A to Z: Rectal Prolapseenparentshttps://kidshealth.org/EN/images/headers/P-khAZDictionary-enHD-AR1.jpgLearn about conditions that affect the rectum, anus, and digestive system.Rectal prolapse, rectal procidentia, mucosal prolapse, full-thickness rectal prolapse, partial prolapse, false procidentia, complete prolapse, true procidentia, rectum, anus, digestive system, large intestine, cystic fibrosis, constipation, intraabdominal pressure, diarrhea, bowel movements, vomiting08/14/201304/11/201909/02/2019df1c9405-970d-4a88-a3e5-92ab9a223f59https://kidshealth.org/ws/RadyChildrens/en/parents/az-rectal-prolapse.html/<p><em>May also be called: Rectal Procidentia</em></p> <p>Rectal prolapse is a condition in which part of the rectum slips down (prolapses) and protrudes through the anus.</p> <h3>More to Know</h3> <p>The rectum is the last part of the large intestine. It's where stool (poop)&nbsp;is stored until it leaves the body through the anus as a bowel movement. Certain conditions can cause the rectum to prolapse, which literally means "to fall out of place." When this happens, part of the rectum sticks out through the anus.</p> <p>There are two kinds of rectal prolapse:</p> <ol class="kh_longline_list"> <li>With mucosal prolapse, only the lining (mucosa) of the rectum protrudes through the anus.</li> <li>With complete prolapse, the actual wall of the rectum may protrude out as much as 2 inches (5 centimeters) or more, especially following a bowel movement. Rectal prolapse is usually painless, but it can cause mild discomfort, bleeding, and loss of bowel control.</li> </ol> <p>Causes of rectal prolapse include chronic <a href="https://kidshealth.org/ws/RadyChildrens/en/parents/constipation.html/">constipation</a>; diseases that cause <a href="https://kidshealth.org/ws/RadyChildrens/en/parents/diarrhea.html/">diarrhea</a>; infection with parasites; <a class="kh_anchor">malnutrition</a>; <a href="https://kidshealth.org/ws/RadyChildrens/en/parents/cf.html/">cystic fibrosis</a>; and increased pressure in the abdomen from excessive <a href="https://kidshealth.org/ws/RadyChildrens/en/parents/vomit.html/">vomiting</a>, <a href="https://kidshealth.org/ws/RadyChildrens/en/parents/toilet-teaching.html/">toilet training</a>, straining during bowel movements, or prolonged <a href="https://kidshealth.org/ws/RadyChildrens/en/parents/az-symptoms-cough.html/">coughing</a>.</p> <p>Rectal prolapse most commonly&nbsp;affects young children and the elderly. Treatment usually requires a doctor to gently push the prolapsed rectum back into place, but in some cases, particularly with adults, surgery may be needed to correct the condition.</p> <h3>Keep in Mind</h3> <p>A rectal prolapse usually doesn't cause&nbsp;pain, and treating the cause usually cures the prolapse. About 90% of kids under 3 years old who get rectal prolapse can be treated without surgery, and in many of those cases a prolapse won't occur again. Surgery, when necessary, usually is successful.</p> <p><em>All A to Z dictionary entries are regularly reviewed by KidsHealth medical experts.</em></p>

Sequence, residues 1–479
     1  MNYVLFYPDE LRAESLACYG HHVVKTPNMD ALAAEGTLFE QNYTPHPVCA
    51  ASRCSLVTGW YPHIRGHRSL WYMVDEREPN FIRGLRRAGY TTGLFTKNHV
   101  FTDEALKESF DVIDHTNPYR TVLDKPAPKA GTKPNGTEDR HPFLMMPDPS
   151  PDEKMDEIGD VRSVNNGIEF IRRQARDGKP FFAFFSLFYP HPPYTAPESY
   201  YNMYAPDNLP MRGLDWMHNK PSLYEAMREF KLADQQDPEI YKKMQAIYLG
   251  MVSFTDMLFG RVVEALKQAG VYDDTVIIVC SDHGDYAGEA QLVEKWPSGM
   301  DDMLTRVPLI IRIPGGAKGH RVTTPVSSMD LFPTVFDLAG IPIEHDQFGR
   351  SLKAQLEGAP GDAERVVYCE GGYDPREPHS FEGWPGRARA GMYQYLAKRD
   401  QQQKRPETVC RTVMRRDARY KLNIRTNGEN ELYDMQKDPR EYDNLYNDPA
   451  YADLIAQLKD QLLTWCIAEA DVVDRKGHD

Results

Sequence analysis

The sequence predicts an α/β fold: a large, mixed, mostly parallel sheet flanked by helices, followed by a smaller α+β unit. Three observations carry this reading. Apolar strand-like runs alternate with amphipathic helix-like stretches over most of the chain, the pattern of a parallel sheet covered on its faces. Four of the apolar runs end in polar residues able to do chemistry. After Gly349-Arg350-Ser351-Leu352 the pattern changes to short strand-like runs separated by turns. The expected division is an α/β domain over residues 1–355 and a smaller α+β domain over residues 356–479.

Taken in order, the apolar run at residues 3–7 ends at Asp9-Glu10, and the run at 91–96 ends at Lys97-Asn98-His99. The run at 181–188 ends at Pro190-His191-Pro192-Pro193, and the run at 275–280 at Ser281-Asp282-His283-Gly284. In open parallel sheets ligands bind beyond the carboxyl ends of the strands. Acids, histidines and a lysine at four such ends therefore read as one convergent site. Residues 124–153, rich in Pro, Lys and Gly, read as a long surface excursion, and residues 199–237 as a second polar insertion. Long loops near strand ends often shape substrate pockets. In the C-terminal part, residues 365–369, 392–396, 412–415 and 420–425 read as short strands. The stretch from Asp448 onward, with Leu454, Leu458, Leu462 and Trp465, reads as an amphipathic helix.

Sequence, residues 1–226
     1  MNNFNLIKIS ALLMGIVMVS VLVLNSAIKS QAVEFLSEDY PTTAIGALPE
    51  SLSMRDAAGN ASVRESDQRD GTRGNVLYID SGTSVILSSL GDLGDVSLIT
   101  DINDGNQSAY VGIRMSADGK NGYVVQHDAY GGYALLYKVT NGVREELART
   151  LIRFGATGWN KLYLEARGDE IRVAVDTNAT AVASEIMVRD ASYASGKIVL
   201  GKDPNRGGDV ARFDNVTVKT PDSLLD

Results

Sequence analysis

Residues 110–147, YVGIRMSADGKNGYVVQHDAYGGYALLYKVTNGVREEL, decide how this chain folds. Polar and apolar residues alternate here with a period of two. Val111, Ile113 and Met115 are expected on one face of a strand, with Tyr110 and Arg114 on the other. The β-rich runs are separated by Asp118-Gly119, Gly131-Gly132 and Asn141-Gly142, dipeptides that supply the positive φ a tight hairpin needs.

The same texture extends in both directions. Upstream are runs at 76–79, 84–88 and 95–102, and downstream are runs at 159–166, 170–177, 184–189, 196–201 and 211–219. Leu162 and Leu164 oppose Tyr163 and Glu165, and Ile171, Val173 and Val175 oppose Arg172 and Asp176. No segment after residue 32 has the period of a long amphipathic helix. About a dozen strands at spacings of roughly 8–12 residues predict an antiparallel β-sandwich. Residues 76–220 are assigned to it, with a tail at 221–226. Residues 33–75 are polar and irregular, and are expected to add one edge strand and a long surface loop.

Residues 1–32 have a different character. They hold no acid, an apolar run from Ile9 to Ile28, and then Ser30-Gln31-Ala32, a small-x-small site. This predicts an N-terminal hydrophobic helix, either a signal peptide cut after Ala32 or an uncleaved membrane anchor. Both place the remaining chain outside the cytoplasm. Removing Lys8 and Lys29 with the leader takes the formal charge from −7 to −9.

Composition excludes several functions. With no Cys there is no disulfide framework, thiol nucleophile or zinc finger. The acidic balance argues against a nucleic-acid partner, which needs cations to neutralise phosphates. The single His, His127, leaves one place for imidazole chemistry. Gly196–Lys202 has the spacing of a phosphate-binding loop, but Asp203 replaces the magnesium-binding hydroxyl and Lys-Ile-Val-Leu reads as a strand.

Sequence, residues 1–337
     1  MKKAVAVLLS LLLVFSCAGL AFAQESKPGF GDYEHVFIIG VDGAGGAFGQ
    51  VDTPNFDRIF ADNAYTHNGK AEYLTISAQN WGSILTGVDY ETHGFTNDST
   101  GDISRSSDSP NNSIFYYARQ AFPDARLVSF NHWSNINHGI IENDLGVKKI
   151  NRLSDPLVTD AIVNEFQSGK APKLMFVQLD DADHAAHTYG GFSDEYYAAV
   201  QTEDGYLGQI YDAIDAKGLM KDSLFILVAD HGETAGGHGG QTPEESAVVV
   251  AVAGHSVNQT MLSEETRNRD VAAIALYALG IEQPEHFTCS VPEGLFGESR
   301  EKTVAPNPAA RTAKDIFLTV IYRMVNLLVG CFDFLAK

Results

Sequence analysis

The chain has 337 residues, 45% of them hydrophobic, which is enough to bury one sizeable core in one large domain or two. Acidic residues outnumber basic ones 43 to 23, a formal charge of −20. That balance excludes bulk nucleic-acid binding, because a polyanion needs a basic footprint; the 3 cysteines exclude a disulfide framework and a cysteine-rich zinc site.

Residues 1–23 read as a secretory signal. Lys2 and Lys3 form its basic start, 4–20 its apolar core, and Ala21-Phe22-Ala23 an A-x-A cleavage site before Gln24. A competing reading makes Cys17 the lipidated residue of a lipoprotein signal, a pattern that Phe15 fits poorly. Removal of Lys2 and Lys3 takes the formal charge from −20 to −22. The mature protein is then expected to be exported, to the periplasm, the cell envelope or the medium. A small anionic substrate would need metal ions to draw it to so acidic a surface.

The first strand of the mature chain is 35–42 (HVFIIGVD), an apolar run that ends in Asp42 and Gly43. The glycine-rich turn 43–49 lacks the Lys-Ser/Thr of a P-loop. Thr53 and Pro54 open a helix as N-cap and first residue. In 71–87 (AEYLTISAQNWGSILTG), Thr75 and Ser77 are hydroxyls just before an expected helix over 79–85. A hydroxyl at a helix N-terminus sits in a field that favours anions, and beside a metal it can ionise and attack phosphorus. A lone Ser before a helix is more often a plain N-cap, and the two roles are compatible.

ConstipationConstipation is a very common problem that usually happens because a person's diet doesn't include enough fluids and fiber. In most cases, making simple changes can help you feel better.https://kidshealth.org/ws/RadyChildrens/en/teens/constipation.html/081f841e-c4c9-493e-a8df-160a60905046
DiarrheaMost kids battle diarrhea from time to time, so it's important to know what to do to relieve and even prevent it.https://kidshealth.org/ws/RadyChildrens/en/parents/diarrhea.html/38efbf41-ac94-4d02-be5d-365f9b03cc12
Digestive SystemThe digestive process starts even before the first bite of food. Find out more about the digestive system and how our bodies break down and absorb the food we eat.https://kidshealth.org/ws/RadyChildrens/en/parents/digestive.html/f2005e0d-6586-4e09-94e7-65388be2bb40
Germs: Bacteria, Viruses, Fungi, and ProtozoaGerms are tiny organisms that can cause disease - and they're so small that they can creep into your system without you noticing. Find out how to protect yourself.https://kidshealth.org/ws/RadyChildrens/en/teens/care-about-germs.html/59b8feef-766a-4272-ac83-38140b1d176a
Pinworm InfectionsPinworm is an intestinal infection caused by tiny parasitic worms. But pinworms don't cause any harm (just itching), and it won't take long to get rid of them.https://kidshealth.org/ws/RadyChildrens/en/parents/pinworm.html/405bcbf0-f0e0-4942-a9ae-0f9e1dfa9c6f
PinwormsIt's gross to think about but did you know that tiny worm eggs could be under your fingernails? Learn more about how to protect yourself from getting pinworms.https://kidshealth.org/ws/RadyChildrens/en/kids/pinworm.html/cff6fa7d-8fc3-429a-a5e8-2fa08e6c7b5c
RotavirusRotavirus infection affects most kids and is one of the most common causes of diarrhea. A vaccine to prevent it is now recommended for all kids.https://kidshealth.org/ws/RadyChildrens/en/parents/rotavirus.html/f213231c-41fc-4b8c-9998-4ef4d479d5fa
What Are Germs?You know they can hurt you, but what are these invisible creatures? Find out in this article for kids.https://kidshealth.org/ws/RadyChildrens/en/kids/germs.html/cd877075-9d39-4c9a-b4f8-d67cb341050f
Word! DiarrheaIf you've ever had a bad time in the bathroom, then you know what this is.https://kidshealth.org/ws/RadyChildrens/en/kids/word-diarrhea.html/fe10c223-c3cd-48db-a66d-f00d12890973
Your Digestive SystemThe digestive system breaks down the food you eat. Learn how in this article for kids.https://kidshealth.org/ws/RadyChildrens/en/kids/digestive-system.html/2a59b1c6-c783-4de0-bb89-75a822f14849